Maximize your after-tax severance

National Post

2006-03-18


Your first instinct after receiving a severance package may be to seek legal
advice from an employment lawyer to determine whether your package was fair and
reasonable. But you should also consider getting some good tax advice to ensure
you maximize your after-tax severance proceeds.

Under the Income Tax Act, an amount that an employee receives "in respect of
a loss of an office or employment" is considered to be a retiring allowance and
is generally fully taxable in the year you receive it. In fact, your employer
has a legal obligation to make the necessary payroll withholdings of income tax
before giving you a cheque for the net amount. A retiring allowance is not
subject to Canada Pension Plan or Employment Insurance withholdings.

The Canada Revenue Agency has stated that payments in lieu of notice, such as
those made under the various provincial employment standards legislation, would
not qualify as a retiring allowance since the employee is legally entitled to be
paid during this minimum notice period and therefore, such a payment is more
properly classified as regular employment income.

The primary advantage of having your payment characterized as a retiring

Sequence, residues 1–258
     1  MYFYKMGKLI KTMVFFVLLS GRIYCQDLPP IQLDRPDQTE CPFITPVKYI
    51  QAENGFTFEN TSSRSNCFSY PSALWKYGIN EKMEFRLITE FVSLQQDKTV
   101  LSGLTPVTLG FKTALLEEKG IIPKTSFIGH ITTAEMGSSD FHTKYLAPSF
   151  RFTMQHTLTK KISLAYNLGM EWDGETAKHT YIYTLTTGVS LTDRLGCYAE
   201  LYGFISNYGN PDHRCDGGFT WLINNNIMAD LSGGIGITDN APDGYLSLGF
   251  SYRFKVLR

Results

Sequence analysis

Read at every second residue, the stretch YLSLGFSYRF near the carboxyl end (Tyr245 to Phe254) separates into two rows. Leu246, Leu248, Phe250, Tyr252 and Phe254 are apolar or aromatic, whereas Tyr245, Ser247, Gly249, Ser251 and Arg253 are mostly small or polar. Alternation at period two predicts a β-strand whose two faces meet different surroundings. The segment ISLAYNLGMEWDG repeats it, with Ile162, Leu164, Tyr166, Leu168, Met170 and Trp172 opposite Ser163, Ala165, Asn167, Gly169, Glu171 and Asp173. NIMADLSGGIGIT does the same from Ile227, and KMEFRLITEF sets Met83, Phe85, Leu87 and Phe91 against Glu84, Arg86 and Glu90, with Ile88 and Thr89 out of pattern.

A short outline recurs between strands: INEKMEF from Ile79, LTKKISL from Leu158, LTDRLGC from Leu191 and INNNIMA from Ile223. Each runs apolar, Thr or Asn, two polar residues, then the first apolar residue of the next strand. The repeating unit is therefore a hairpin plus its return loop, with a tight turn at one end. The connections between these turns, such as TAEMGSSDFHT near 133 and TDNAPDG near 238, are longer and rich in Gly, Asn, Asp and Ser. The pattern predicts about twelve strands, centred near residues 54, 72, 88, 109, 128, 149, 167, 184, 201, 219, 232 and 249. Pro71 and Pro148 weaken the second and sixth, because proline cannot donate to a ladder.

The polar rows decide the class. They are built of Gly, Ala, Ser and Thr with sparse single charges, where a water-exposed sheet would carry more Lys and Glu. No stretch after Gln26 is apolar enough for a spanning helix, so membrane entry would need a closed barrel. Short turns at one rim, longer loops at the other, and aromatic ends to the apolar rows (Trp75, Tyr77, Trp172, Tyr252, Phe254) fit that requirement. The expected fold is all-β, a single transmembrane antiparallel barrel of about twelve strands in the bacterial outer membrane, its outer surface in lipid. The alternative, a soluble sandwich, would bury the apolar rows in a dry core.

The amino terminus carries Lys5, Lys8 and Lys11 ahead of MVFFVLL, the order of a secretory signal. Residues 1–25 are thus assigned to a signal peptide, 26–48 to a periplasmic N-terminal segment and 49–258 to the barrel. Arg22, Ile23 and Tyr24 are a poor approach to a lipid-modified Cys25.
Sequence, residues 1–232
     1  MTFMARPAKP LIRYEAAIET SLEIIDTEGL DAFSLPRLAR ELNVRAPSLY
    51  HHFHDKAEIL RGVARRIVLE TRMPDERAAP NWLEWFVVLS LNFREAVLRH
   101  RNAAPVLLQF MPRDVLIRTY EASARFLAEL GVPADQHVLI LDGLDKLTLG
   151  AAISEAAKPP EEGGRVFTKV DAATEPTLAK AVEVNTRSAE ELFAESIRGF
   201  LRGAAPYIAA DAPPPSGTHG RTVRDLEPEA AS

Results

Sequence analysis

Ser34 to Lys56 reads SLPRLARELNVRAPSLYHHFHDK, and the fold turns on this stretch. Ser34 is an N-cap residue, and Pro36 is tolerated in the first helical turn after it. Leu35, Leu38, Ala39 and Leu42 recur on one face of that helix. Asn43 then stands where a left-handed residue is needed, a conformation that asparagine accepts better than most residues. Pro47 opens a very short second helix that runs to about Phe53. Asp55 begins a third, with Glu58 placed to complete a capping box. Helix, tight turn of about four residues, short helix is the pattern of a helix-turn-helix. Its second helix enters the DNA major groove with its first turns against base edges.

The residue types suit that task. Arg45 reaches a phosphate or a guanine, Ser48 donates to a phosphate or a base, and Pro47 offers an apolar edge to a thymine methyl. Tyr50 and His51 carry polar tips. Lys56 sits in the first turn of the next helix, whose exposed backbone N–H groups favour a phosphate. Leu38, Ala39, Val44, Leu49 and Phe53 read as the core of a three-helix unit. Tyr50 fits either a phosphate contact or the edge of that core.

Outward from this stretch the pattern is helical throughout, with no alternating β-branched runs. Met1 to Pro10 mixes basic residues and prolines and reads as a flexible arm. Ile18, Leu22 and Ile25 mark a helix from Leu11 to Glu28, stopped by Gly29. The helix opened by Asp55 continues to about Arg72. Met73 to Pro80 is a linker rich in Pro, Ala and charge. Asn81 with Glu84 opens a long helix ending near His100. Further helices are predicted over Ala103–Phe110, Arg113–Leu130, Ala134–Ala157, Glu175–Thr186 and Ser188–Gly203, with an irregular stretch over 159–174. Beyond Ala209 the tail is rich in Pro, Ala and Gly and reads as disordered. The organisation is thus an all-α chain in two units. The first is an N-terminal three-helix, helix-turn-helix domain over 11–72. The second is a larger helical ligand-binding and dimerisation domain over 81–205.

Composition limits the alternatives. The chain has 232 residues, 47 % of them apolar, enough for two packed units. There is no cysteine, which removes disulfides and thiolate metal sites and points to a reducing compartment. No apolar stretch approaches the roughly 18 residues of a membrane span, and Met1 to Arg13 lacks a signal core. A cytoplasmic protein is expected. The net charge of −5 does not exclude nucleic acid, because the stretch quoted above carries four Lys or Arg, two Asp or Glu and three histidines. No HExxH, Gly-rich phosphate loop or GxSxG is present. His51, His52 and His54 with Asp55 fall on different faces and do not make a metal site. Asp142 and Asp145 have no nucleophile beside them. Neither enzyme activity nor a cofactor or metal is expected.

allowance is that the "eligible portion" can be transferred to your RRSP, on a
tax-free basis, even if you don't have the available contribution room.

The eligible portion of a retiring allowance is calculated as $2,000 per year
of service before 1996, and an additional $1,500 per year (for a maximum of
$3,500) for service before 1989. The additional $1,500 is available to employees
who are not members of a company pension plan, or if their contributions to a
plan have not yet vested.

Note that the eligible amount must be transferred to an RRSP on which you're
the annuitant. You can't transfer an eligible retiring allowance to a spousal
RRSP.

What if you don't qualify for the rollover since you don't have years of
service prior to 1996? In that case, you can still contribute the non-eligible
amount to your RRSP to use up any outstanding contribution room you may have
from prior years.

Also, the amount may be transferred to either your own or a spousal RRSP. If
your employer contributes the non-eligible portion directly to an RRSP, you can
also avoid payroll withholding tax.

Another way to reduce the tax hit on a severance package, assuming your
employer offers some flexibility, would be to receive the severance over more
than one tax year.

Finally, keep in mind that any legal fees you pay to collect or establish a
retiring allowance may be tax deductible -- but only to the extent of the
retirement allowance included in your income.